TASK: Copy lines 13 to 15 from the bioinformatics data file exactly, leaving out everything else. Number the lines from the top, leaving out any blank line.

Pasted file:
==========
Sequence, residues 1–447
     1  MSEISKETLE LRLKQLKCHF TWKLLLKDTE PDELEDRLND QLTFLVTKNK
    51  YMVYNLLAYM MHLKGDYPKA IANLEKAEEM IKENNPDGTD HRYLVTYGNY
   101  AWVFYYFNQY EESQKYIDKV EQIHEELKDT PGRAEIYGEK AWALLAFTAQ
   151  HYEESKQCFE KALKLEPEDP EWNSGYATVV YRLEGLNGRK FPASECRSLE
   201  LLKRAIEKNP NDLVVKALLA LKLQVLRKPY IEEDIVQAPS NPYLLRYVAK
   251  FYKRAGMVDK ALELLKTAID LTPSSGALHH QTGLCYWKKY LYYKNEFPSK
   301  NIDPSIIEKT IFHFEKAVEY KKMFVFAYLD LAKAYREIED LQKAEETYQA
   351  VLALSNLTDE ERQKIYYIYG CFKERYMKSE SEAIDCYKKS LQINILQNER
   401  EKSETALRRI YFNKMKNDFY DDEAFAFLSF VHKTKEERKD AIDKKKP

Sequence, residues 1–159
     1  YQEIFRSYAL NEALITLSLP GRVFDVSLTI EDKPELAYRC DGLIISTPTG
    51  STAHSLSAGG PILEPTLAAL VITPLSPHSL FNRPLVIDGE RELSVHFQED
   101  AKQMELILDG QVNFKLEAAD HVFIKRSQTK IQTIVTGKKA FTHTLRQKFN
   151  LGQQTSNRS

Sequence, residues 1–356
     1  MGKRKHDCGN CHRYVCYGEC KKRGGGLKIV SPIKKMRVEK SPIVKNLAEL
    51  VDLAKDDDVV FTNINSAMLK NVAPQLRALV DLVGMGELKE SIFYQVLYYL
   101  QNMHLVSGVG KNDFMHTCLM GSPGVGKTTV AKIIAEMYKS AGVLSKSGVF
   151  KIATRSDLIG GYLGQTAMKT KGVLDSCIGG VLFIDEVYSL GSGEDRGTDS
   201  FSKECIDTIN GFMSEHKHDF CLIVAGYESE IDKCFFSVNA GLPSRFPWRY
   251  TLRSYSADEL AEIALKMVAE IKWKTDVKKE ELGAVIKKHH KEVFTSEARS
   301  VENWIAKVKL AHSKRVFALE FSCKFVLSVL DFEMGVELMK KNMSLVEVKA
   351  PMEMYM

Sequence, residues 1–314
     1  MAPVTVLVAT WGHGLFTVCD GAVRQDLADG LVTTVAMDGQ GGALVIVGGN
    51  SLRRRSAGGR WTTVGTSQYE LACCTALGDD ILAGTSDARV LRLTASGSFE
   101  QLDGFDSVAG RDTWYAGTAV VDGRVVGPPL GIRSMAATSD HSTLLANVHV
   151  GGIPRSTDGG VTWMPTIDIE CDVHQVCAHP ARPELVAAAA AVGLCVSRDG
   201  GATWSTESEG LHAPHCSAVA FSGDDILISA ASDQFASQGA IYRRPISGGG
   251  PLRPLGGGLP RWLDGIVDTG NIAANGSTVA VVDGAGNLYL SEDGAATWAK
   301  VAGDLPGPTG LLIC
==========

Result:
    51  STAHSLSAGG PILEPTLAAL VITPLSPHSL FNRPLVIDGE RELSVHFQED
   101  AKQMELILDG QVNFKLEAAD HVFIKRSQTK IQTIVTGKKA FTHTLRQKFN
   151  LGQQTSNRS